We had this beautiful view in the western sky last night.

Moon and Venus

The brilliant (magnitude -4) planet Venus was approximately 1 degree from the 3.5 day old crescent Moon. The photo doesn’t do justice to the entire view with the Moon in the constellation of Gemini, crowned by the two bright stars, Castor and Pollux.

The image above is a cropped portion of a picture taken with a Nikon D80 using a 70-300 zoom lens at 300mm focal length. Exposure was 1/125 second at f/5.6 and ISO 1600.

Next month, on June 18, there will be a similar configuration with the added feature of the planet Saturn also being near the moon. If you have a good place to observe the western sky and your weather cooperates, this should be a spectacular sight. Mark your calender and look shortly after sunset.

Podcast redux

Here is an up-to-date list of the podcasts I subscribe too. I enjoy them all and thought readers here might also find some of them interesting. Links are to the podcasts home pages but all can also be found (free) on iTunes.

StarStuff – Astronomy and space science. Weekly from Australia

Astronomy A Go-Go A weekly astronomy podcast for everyone. Emphasis on observing.

Astronomy Cast A weekly fact based journey through the cosmos. Can be a bit technical at times.

Cranky Geeks A weekly panel discussion of current technology news and developments. Host John C. Dvorak. Sometimes humorous, sometimes controversial.

Daily GizWiz Mad magazine writer, Dick DeBartolo, digs into his massive gadget collection. Daily Mon.-Fri.

FLOSS Weekly All about Free Libre Open Source Software. Supposedly weekly but erratic.

net@nite What’s happening on the ‘net right now? Host Amber MacArthur with Leo Laporte. Weekly.

Planetary Radio Weekly on space science and astronomy.

Security Now
Host Steve Gibson with Leo Laporte. Weekly discussion of computer security.

SolderSmoke Weekly discussion by amateur radio experimenters. Emphasis on DIY construction projects.

StarDate Daily, 2 minute, summary what to look for in the night sky.

The WordPress Podcast Weekly audio forum for news, tips and commentary on WordPress (the program that powers this blog.)

This Week In Tech Leo Laporte and others discuss the week’s tech news.

What’s New Now Weekly (in theory) discussion of technology news and events wit host Jim Louderback and guests .


We’ve had a cat door into our garage, going back to the time when Jan and I both worked. Our cat (Itty) was happier outside and she could come and go as she pleased. We never had a problem except once when another cat followed her into the garage.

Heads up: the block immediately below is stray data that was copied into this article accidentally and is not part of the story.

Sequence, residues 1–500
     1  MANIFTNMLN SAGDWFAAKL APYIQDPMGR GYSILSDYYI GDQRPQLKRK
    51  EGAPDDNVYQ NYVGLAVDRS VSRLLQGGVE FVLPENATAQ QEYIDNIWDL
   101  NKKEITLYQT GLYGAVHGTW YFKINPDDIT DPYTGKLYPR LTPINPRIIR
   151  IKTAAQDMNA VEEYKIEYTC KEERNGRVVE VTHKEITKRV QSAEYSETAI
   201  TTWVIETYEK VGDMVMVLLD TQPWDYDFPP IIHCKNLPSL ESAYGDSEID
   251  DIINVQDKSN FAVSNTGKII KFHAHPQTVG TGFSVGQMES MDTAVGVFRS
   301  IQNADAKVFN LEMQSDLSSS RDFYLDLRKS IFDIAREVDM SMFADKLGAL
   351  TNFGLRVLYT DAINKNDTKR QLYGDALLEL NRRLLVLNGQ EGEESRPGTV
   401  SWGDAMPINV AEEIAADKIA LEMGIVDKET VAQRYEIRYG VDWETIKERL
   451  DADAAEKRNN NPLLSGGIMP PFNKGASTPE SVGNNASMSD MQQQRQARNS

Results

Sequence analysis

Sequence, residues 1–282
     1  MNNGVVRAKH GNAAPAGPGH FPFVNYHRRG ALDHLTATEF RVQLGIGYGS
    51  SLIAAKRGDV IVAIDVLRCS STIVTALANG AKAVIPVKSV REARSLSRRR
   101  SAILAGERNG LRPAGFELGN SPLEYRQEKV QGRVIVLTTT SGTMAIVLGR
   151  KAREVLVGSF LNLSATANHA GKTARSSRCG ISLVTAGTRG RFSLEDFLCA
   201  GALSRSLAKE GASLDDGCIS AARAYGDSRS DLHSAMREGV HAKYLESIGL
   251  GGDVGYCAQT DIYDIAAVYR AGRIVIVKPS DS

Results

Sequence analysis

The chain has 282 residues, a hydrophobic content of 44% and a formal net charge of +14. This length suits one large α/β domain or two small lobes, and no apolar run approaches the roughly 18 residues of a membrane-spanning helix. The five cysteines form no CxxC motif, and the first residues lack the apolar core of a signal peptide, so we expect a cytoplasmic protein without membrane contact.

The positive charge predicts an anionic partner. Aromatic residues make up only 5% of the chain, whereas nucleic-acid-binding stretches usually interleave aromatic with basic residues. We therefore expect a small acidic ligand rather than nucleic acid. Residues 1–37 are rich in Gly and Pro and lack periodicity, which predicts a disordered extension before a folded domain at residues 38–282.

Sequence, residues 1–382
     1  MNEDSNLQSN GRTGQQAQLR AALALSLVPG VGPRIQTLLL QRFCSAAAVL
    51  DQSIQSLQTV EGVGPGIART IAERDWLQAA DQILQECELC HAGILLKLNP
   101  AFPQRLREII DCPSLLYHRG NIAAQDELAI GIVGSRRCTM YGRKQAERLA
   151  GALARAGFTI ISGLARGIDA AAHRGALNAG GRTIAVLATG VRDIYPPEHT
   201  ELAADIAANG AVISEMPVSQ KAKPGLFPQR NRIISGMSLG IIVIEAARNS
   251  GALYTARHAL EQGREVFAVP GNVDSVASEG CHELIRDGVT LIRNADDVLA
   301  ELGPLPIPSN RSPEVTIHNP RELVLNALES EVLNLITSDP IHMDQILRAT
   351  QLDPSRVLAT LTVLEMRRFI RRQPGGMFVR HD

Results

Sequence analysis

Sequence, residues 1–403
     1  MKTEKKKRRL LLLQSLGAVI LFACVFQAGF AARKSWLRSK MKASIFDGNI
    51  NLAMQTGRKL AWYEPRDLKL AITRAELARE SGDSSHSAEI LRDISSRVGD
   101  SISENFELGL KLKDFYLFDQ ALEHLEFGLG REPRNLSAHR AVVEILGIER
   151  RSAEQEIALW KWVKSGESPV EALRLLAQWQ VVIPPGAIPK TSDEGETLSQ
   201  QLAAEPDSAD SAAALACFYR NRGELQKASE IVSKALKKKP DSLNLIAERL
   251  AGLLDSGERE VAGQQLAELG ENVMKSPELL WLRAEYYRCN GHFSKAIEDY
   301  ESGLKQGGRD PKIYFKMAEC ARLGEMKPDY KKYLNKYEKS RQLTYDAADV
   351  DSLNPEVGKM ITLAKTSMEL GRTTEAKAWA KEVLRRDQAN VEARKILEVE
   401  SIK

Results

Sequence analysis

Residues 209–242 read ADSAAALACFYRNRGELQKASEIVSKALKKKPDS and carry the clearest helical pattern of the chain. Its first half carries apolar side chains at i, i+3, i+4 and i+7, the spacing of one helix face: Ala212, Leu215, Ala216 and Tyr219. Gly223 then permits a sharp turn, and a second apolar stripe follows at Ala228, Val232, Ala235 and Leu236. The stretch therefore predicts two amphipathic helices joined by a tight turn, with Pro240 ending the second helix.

After I retired, we stopped leaving her out all day and just let her out when she wanted. I never removed the old cat door, figuring she might go into the garage occasionally and catch any mice that got inside.

A few weeks ago I noticed that the cat door was broken. It’s quite old and I just thought the sun and weather had finally taken their toll on the plastic. We’d been having windy weather and I thought the door flopping in the wind was the reason for it breaking. I covered over the broken door with a piece of plastic, saying I’d replace it later.

The next day the plastic was ripped up and the door damaged more. Clearly some critter had been using it to get in and out of the garage. I removed the old door entirely and covered the opening with a couple of scraps of 1″x10″ lumber as a temporary fix. Then, just in case the critter was still in the garage I set out our Have-A-Heart trap baited with cat food.

The next morning inside the garage looked like a war zone. The trap had been tipped on its side and all the bait was gone. The Styrofoam insulation around the blocked opening had been ripped to shreds but the wood was still in place. What ever the critter was, it was large, strong, smart and still inside. I reset the trap, this time placing concrete blocks on top of it and along the side to prevent it from being moved easily.

The next morning I found we had caught a large, angry and very frustrated raccoon. Not wanting to kill it, we decided to go to a public access area by the river about 8 miles away to release it.

That was an adventure in itself. The one problem is our trap is somewhat hard to open. You are momentarily exposed to whatever is in the trap while you are releasing the catch. Fortunately the raccoon was terrified and stayed at the far end, away from where I was unlatching the trap. Once open, the critter took a couple seconds to realize it was free, then ran off.

I hope 8 miles is far enough that it won’t be back.

To make matters even more difficult, momma raccoon had (unbeknownst to us) left behind four youngsters which I discovered just a while ago. I managed to get them out of the garage but I have no idea how they will manage without the mother.
Left behind in the garage is a huge mess. They had shredded up a number of old cardboard boxes, sheets of Styrofoam and old rags. All tucked behind the place where I store lumber, plywood and paneling. It will take several days to clean up the mess and get rid of the smell.

Just some of the fun of living in the country….